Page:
The Website of PMH AtwaterOne of the internet's most comprehensive sites on the near-death phenomenon!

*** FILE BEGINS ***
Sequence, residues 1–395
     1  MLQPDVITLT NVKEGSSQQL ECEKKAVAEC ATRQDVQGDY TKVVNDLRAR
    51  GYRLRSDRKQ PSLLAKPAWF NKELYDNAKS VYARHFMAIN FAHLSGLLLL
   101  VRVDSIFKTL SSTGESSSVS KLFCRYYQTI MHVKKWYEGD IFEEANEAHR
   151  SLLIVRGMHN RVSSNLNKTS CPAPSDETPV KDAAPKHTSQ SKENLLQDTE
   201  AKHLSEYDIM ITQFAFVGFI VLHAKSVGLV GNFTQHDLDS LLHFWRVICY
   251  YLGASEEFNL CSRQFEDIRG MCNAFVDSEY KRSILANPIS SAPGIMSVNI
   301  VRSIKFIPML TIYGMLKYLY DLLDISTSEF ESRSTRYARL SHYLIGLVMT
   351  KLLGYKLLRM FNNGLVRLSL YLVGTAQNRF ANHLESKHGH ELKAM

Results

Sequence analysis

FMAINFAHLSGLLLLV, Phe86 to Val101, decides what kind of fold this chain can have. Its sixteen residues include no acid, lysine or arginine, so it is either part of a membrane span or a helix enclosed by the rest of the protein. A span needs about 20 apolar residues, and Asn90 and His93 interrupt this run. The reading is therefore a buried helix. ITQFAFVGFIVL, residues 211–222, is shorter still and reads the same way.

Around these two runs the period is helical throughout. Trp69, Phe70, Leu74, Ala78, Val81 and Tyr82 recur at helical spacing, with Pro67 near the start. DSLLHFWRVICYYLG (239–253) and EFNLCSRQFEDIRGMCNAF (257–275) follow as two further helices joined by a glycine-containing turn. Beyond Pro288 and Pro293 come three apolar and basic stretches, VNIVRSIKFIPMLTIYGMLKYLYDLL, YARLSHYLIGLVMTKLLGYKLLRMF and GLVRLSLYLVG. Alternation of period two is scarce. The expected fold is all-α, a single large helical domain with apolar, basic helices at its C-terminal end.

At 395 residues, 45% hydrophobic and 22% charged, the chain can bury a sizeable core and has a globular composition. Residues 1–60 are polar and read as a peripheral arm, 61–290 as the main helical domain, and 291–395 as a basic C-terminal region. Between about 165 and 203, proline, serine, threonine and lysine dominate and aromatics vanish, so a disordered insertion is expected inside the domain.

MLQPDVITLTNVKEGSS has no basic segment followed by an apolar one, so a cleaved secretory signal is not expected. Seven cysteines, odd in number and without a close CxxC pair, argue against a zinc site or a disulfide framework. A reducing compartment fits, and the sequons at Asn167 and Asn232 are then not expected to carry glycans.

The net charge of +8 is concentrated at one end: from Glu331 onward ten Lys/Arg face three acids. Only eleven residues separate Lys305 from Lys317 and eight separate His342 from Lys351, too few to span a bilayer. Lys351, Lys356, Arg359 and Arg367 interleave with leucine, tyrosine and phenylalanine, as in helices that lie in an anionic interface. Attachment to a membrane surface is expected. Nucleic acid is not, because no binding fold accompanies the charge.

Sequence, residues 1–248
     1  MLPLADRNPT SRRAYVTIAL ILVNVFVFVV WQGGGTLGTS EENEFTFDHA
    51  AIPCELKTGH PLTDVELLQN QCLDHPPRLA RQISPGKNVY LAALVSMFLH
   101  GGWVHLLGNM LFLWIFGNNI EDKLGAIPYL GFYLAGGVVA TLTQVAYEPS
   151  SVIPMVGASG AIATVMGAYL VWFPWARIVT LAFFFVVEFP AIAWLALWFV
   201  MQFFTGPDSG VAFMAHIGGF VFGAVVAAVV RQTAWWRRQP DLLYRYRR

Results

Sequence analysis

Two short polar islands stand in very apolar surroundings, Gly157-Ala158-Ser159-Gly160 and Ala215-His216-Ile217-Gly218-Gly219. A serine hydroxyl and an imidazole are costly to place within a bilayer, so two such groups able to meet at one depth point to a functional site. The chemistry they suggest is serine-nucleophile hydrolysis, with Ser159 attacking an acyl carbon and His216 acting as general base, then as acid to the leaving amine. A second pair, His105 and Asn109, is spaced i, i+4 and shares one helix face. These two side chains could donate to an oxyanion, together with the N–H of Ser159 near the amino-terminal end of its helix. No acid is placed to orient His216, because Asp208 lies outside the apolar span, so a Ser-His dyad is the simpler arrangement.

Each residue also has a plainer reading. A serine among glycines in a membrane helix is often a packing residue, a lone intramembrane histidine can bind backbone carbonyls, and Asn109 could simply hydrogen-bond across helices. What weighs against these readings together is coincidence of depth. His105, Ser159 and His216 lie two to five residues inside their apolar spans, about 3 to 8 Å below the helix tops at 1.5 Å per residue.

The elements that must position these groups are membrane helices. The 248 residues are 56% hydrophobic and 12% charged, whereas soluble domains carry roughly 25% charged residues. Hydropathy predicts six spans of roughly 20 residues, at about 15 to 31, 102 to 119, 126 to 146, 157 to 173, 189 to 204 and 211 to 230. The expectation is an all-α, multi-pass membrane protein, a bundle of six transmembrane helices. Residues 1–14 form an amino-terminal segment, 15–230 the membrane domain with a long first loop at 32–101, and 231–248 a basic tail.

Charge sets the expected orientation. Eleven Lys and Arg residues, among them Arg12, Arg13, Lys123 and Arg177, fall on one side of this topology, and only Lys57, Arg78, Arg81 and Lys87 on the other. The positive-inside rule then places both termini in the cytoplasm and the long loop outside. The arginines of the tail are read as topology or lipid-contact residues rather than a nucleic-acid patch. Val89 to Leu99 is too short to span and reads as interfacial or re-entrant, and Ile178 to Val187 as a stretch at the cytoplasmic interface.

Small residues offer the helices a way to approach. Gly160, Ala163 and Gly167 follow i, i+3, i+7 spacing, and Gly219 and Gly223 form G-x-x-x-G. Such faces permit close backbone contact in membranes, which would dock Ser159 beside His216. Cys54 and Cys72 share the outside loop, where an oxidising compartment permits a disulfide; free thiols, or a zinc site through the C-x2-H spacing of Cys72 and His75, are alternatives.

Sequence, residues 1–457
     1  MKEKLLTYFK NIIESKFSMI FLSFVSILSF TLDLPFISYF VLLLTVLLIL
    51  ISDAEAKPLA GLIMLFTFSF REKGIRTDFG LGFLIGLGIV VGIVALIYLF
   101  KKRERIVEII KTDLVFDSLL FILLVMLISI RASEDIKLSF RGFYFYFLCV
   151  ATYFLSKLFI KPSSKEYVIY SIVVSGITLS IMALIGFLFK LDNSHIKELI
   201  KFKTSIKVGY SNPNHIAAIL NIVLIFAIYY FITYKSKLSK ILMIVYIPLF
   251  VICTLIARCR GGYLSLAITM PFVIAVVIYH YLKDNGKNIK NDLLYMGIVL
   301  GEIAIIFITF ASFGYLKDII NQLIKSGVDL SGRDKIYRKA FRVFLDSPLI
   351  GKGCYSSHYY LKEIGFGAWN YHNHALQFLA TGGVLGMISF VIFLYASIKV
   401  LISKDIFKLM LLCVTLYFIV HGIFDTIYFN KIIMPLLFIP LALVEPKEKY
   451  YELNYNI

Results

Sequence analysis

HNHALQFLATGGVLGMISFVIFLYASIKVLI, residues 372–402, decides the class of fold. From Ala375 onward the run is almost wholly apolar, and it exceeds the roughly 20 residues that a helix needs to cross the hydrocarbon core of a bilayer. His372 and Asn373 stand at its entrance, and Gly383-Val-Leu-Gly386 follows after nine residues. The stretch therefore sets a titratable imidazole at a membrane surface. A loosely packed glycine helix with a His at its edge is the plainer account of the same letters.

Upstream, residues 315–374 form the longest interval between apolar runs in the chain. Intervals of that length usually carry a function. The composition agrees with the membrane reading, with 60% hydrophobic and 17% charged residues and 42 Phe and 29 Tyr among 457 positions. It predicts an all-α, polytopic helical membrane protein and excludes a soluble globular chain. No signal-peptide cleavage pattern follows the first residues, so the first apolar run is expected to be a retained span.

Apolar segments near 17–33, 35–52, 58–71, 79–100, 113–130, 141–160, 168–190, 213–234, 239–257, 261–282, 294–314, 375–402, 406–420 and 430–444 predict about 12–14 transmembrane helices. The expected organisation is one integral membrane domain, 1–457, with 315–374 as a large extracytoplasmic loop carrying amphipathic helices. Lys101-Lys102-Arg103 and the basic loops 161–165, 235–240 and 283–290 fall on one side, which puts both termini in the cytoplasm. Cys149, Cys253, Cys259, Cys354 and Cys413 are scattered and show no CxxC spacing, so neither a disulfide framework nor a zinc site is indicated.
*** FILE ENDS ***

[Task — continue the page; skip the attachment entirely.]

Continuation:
One of the internet's most comprehensive sites on the near-death phenomenon!